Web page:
Primary care physicians do much more than give you physicals and refer you to specialists.
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Indeed, research suggests they keep you out of the emergency room, operating room and intensive care unit.
“Studies show that in states and areas of our country where there is more primary care, health outcomes are superior, with lower costs,” says Michael Rabovsky, MD. “People are less likely to be hospitalized, and death rates are lower for cancer, heart disease and stroke.
“Infant mortality rates are also lower, birth weights are higher, and rates of immunizations against once deadly diseases are higher.”
Why primary care has an impact
Primary care can have a dramatic effect on your health. Why? Because primary care doctors are trained to recognize and manage a wide range of acute and chronic health problems. And they get to know their patients (and their health issues) well.
But in order to serve the growing needs of the Baby Boomer generation, your primary care doctor doesn’t work alone. He or she guides a whole team of healthcare professionals focused on helping you set realistic goals for managing health issues and for staying well through lifestyle changes.
Today, many of the primary care providers on your team have taken on an expanded role. Here are six types of providers you might see:
1. Primary care physicians (PCPs)
These doctors oversee the team providing primary care for you and your family. They diagnose and treat a wide variety of acute and chronic health problems, and connect you with the appropriate services for routine and specialty care.
- Internal medicine physicians: Trained to provide acute and chronic care for adults of all ages, they specialize in health screenings and management of common adult health problems. Internists are adept at caring for patients with a complex combination of conditions.
- Family medicine physicians: Family physicians provide wellness, preventive, and acute and chronic disease care across the lifespan. They treat entire families, from newborns to the elderly. Their training includes internal medicine, pediatrics, women’s healthcare and mental health care.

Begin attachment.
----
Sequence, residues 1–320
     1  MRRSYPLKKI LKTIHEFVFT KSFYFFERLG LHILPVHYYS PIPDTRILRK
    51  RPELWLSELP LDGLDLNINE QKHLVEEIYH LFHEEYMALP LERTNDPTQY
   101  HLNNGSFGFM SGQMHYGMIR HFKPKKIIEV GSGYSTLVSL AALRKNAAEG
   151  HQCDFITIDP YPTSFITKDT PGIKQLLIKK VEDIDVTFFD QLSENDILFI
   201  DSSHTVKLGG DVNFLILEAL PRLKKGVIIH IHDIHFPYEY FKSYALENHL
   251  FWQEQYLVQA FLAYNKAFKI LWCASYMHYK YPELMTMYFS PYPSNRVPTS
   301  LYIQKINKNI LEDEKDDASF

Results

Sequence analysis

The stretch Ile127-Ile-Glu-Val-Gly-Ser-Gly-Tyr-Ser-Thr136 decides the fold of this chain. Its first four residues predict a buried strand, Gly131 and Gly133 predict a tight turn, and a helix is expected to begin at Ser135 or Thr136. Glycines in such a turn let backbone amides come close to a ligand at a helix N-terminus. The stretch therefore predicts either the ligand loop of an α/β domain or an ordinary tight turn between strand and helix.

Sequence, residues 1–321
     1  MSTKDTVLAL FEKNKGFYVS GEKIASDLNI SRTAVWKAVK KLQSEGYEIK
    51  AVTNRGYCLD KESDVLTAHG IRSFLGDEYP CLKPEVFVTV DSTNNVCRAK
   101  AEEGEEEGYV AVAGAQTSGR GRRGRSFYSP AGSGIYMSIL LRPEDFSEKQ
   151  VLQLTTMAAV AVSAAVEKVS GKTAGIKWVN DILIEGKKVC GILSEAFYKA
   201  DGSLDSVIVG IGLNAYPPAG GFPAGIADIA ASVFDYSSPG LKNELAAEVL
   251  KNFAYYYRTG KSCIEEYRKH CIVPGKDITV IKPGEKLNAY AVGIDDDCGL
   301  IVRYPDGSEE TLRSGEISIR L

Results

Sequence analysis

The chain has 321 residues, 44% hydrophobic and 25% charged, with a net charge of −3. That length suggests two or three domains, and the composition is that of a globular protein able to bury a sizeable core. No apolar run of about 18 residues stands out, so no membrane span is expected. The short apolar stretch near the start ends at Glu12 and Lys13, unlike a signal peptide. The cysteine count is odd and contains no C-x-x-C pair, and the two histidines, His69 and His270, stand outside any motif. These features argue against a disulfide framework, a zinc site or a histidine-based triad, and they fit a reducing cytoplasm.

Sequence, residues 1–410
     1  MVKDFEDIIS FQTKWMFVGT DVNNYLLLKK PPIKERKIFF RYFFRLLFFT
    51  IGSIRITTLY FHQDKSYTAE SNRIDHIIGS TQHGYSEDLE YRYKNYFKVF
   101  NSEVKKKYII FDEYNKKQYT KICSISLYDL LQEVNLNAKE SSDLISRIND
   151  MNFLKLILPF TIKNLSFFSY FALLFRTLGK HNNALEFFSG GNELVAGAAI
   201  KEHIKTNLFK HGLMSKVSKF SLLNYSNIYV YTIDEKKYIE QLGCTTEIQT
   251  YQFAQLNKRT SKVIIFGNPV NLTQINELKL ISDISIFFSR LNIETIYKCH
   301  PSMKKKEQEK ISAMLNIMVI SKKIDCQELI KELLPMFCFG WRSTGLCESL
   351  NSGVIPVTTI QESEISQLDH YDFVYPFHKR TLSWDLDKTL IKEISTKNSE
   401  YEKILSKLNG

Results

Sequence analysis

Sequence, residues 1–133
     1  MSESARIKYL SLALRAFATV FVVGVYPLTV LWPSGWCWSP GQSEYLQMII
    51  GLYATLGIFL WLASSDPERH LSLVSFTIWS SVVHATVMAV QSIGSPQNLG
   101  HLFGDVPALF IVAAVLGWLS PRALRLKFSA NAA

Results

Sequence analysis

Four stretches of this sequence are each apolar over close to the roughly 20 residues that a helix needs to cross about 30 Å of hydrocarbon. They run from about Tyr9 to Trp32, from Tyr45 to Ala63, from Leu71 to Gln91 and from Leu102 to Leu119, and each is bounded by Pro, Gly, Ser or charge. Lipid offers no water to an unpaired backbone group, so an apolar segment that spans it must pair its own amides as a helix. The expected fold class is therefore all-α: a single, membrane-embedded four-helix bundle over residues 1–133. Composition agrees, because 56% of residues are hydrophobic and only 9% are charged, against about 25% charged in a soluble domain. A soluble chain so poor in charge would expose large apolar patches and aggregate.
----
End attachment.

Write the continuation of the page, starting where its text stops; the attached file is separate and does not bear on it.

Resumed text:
- Pediatricians: Pediatricians are trained to provide acute and chronic care for infants, children and teens. They offer guidance to parents on children’s growth and development, and ensure that children receive the right schedule of immunizations against childhood diseases.
2. Advanced practice providers
Advanced practice providers are certified and licensed to provide much of the same preventive, acute and chronic care as your primary care doctor. They can assess, diagnose, treat, prescribe and educate you about your condition(s) and about wellness.
- Nurse practitioners (NPs): Nurse practitioners are registered nurses who go on to earn a Master’s degree from nursing school. They work with your primary care doctor to help manage acute and chronic conditions, and perform preventive exams. They may serve as your only primary care provider, especially if you live in an area that is medically underserved.
- Physician assistants (PAs): Physician assistants earn a Master’s degree after intensive study in a PA program, usually based in a school of medicine. PAs work as a team with your primary care doctor to improve access to quality care.
3. Resident doctors
These doctors-in-training work under your primary care doctor’s supervision during their first years of practice after medical school. They provide advanced medical care and assist you in managing your health.
4. Clinical pharmacists (PharmDs)
Clinical pharmacists are residency-trained to manage chronic diseases, and can prescribe and adjust medication until your condition is well-controlled. They may work as a team with your physician or see you independently.
5. Nurse care coordinators
These registered nurses (RNs) assess your health needs, become your advocate and help you navigate the healthcare system. They help you manage chronic illnesses and prevent health problems.
6. Medical Assistants (MAs)
Medical assistants prepare you and your physician for your visit. They take your history and vital signs, update your chart, call in prescriptions, help with insurance and assist the team in many ways.
It takes a team to safeguard your health
All of these primary caregivers work to provide you and your family with comprehensive, continuous and compassionate care. But they can’t work in isolation — they need your help.
“Come prepared with a list of questions to every appointment,” Dr. Rabovsky advises. “Share your agenda with us so we can work together to help you enjoy a longer, healthier life.”